A New Zealand farm worker says he was in for the surprise of a lifetime this week when he went to round up cows for milking and instead discovered a massive sinkhole that had opened up overnight in a field.
The sinkhole located near the North Island town of Rotorua is at least six stories deep and two football fields in length. It reportedly opened up after several days of heavy rain, the Associated Press reports.
Farm manager Colin Tremain said he didn’t realize just how massive the hole was until he went out at daybreak to survey the sinkhole.
Volcanologist Brad Scott told Newshub television that it is the largest sinkhole he has ever seen.
Scott noted that nine other sinkholes have opened up in the area in the past two years.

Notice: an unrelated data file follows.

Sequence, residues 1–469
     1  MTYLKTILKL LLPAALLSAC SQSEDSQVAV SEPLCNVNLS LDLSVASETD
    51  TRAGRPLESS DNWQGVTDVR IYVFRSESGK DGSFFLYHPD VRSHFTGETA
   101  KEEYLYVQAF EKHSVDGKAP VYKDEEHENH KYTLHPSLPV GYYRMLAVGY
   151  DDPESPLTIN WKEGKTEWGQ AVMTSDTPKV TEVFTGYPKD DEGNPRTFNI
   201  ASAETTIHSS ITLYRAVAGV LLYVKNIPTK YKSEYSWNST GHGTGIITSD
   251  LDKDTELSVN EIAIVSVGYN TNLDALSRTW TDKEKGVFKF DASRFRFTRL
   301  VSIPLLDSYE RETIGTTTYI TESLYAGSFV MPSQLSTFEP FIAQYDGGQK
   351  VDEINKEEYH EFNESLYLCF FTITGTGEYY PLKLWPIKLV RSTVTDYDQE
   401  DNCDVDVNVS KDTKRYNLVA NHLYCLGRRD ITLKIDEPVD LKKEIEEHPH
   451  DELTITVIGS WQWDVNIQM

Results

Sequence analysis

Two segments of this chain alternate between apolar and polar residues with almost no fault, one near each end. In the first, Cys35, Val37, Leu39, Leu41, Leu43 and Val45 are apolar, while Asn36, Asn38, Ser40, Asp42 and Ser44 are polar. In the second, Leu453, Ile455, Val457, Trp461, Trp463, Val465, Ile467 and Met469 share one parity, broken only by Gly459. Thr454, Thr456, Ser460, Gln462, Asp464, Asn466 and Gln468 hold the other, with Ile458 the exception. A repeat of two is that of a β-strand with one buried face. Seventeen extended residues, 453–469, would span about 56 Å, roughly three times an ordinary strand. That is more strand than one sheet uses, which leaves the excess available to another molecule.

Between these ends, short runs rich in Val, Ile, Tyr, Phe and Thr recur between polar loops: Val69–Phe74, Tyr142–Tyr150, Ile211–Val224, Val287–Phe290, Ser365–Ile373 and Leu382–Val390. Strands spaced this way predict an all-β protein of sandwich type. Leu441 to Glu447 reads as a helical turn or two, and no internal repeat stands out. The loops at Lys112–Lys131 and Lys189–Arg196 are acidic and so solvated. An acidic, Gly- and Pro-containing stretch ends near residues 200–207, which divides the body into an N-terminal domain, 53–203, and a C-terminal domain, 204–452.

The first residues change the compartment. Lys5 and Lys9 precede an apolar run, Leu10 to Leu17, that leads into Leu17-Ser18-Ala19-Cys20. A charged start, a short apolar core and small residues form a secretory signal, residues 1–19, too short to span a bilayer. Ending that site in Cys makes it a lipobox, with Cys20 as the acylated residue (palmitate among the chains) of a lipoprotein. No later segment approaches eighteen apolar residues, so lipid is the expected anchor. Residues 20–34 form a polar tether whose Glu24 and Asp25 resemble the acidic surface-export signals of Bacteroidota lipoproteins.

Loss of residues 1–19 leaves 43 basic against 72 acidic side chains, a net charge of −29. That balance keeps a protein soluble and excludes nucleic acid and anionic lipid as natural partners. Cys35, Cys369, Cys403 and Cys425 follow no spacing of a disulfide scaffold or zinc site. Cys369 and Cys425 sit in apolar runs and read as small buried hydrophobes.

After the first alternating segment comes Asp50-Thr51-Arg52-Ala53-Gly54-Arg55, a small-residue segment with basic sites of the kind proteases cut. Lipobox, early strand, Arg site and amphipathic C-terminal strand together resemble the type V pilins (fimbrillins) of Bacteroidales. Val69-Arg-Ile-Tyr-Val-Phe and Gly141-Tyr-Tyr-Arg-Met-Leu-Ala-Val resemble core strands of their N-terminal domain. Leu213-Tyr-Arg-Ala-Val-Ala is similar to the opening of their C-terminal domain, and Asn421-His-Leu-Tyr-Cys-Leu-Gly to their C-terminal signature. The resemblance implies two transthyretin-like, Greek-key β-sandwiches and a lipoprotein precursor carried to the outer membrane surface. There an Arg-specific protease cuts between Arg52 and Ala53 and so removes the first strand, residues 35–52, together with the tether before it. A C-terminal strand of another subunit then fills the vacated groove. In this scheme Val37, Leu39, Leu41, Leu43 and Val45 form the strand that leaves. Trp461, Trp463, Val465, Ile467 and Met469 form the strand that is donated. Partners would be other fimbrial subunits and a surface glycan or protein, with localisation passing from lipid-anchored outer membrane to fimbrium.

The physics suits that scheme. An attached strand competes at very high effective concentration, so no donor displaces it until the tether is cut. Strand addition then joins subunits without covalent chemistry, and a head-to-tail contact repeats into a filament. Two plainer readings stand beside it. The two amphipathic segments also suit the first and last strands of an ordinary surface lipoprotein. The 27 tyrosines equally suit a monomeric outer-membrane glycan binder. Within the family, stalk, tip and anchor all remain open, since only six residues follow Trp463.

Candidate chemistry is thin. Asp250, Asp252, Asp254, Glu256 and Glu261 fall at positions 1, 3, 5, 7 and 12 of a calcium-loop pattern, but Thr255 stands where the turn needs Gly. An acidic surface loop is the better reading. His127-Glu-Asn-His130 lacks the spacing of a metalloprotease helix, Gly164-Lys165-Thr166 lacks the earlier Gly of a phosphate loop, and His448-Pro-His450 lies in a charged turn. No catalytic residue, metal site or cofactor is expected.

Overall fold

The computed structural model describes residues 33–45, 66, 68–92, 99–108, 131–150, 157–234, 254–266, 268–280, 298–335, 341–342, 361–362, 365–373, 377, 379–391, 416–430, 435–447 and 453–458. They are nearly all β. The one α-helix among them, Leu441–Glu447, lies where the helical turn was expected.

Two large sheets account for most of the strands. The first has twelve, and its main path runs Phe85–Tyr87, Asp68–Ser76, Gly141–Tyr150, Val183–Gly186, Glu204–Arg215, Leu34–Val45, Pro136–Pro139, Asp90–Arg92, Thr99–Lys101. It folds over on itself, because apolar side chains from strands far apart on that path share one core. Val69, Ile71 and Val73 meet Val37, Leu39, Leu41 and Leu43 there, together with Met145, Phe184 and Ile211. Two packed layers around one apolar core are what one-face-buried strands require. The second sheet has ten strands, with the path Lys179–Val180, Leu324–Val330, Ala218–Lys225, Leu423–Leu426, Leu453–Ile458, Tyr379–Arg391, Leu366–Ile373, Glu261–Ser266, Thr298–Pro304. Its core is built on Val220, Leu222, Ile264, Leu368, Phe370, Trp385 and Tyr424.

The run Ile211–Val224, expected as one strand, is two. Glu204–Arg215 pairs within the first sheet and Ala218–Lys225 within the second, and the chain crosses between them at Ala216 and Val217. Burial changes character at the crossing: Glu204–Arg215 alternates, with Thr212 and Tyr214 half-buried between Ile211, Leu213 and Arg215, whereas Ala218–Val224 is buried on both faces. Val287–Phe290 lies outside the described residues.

Sinkholes form from a combination of geology and weather. In areas like Florida where the rock below the land’s surface is easily dissolved by flowing groundwater, caverns that can lead to sinkholes form below the surface, collecting water and destabilizing the earth above, according to the United States Geological Survey.
Long bouts of rain can cause water to pool, leading to further destabilization, and in some instances, cataclysmic collapse.